I'm a home musician. I don't have a band and I don't do live gigs. I'm looking for a cheap electric guitar I could use for home recording. Since I won't be playing live or on a real amp, I want to know what I should look for in a guitar to be good enough to record using a computer, benefiting from the power I'd have with software amp simulation and effects.

It doesn't need to be beautiful. I know I can replace the electric parts in the future (like the pickups, for example). I just want to know what I should look for in the build construction or something like that.

4 Answers 4


As well as the excellent points that gomad made, I would ensure that the pickups etc. on the guitar don't have excessive hum. Nothing will kill a good recording more than unnecessary noise or hum. For that reason, humbuckers might be a better choice, but better quality single coil pickups should be OK.

Make sure also that the volume and tone pots aren't noisy or scratchy when you adjust them. Cheaper guitars tend to have these problems due to cheaper electronic parts and lack of shielding.

  • The hum can come from the cables, the amplifier, ambient em-fields etc, so this can be difficult to be sure of. However, by using the same everything else, and multiple guitars, you will have a baseline.
    – horatio
    Apr 28, 2011 at 16:08
  • Excellent points, CyberFerret! You are right. My "how it feels is more important than how it sounds" bias is showing! I guess I assume a certain baseline of quality is established and then a choice is made!
    – gomad
    Apr 28, 2011 at 17:23

This answer summarizes most of my advice for choosing an electric guitar.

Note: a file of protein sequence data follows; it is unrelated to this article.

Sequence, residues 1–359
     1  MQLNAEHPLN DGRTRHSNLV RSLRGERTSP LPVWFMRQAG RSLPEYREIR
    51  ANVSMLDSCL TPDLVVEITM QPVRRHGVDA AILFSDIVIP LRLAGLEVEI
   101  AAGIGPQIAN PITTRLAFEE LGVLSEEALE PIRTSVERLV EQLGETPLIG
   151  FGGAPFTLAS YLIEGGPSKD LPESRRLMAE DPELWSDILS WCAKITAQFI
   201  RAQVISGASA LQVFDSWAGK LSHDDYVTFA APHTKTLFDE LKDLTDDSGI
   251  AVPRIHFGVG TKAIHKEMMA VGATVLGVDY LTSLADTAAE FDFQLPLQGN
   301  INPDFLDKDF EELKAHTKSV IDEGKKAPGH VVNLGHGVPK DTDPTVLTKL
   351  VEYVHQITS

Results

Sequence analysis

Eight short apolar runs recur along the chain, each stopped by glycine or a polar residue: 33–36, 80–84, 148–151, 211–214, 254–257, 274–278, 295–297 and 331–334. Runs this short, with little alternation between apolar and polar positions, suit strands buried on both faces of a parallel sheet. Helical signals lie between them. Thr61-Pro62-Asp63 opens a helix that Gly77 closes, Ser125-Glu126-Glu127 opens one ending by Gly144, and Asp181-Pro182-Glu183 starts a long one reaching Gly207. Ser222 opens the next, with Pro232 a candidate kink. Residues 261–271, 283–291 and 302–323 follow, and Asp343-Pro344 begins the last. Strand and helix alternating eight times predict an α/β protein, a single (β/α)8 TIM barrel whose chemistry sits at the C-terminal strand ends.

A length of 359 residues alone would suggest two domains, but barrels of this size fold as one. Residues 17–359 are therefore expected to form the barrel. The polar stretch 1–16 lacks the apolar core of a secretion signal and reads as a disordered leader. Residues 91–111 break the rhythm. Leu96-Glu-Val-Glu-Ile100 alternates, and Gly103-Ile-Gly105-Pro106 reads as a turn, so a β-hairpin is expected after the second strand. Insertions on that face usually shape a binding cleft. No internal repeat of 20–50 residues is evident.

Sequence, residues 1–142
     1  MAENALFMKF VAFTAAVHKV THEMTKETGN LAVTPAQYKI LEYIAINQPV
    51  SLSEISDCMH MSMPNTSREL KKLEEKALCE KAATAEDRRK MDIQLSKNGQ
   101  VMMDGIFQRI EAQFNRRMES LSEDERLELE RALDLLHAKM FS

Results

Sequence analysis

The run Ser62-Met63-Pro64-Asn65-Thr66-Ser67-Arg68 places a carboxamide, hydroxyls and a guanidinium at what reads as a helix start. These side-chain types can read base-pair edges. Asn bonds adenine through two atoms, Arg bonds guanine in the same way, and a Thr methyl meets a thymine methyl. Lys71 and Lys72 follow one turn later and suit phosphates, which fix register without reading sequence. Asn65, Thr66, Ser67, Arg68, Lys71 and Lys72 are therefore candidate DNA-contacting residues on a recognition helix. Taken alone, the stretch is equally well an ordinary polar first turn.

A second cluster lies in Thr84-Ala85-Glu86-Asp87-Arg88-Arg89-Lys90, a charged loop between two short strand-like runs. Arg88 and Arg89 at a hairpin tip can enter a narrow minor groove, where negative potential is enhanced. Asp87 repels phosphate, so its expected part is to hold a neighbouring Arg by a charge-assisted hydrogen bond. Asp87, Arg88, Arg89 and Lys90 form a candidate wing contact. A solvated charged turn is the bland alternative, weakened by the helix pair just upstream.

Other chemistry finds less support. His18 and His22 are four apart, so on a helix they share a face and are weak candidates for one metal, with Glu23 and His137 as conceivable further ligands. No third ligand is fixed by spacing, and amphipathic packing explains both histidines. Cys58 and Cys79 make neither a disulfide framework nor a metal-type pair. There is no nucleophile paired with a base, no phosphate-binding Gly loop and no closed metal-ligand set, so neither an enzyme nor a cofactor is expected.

When I go looking for a guitar, I check the following specifics:

  • Run your hand up and down the neck. Does your skin catch on the ends of frets? That's bad.
  • Look at the surface of the neck closely - are there sharpie marks showing? That's bad.
  • Sight down the neck. Does it bow excessively one way or another? Twist? That's bad.
  • Feel the heel. Is it abrupt and uncomfortable? Does it limit your access to the high frets? That's bad.
  • Try the knobs and switches. Do they wiggle or rattle? That's bad.
  • Try the jack. Is it loose or scratchy? That's bad.
  • 1
    As an aside, I have never been unhappy with an Ibanez. I cannot imagine you'll find a better electric under $200.
    – gomad
    Apr 28, 2011 at 19:27

I bought a cheap guitar (60 Euro) for my home recording stuff. Dont expect a clean or tight sound. But you can change the pickups. The worst thing of this cheap guitar is that the high notes do not ring clear. Don't make a mistake and check that all string sound clean on the highest notes.


Most online musicstores offer good models for a better price then local retailers. I suggest that if you buy locally that you demand a good preparation of the guiter. When a cheap guitar is configured properly you will have a very good sound, no fret buzz and good sustain. If you buy online then let your guiter setup by a qualified local technician for a few bucks. If the guitar arives with strings already mounted then I recommend to let these strings immediately be changes with a new set.

If you are thinking about high gain scenario's like rock then I recommend a guiter with humbuckers which is usually indicated with HSH (humbucker, single coil, humbucker) for stratocaster models. If your main usage is more blues, funk, country oriented then I recommend single coils are these give a better clean tone.

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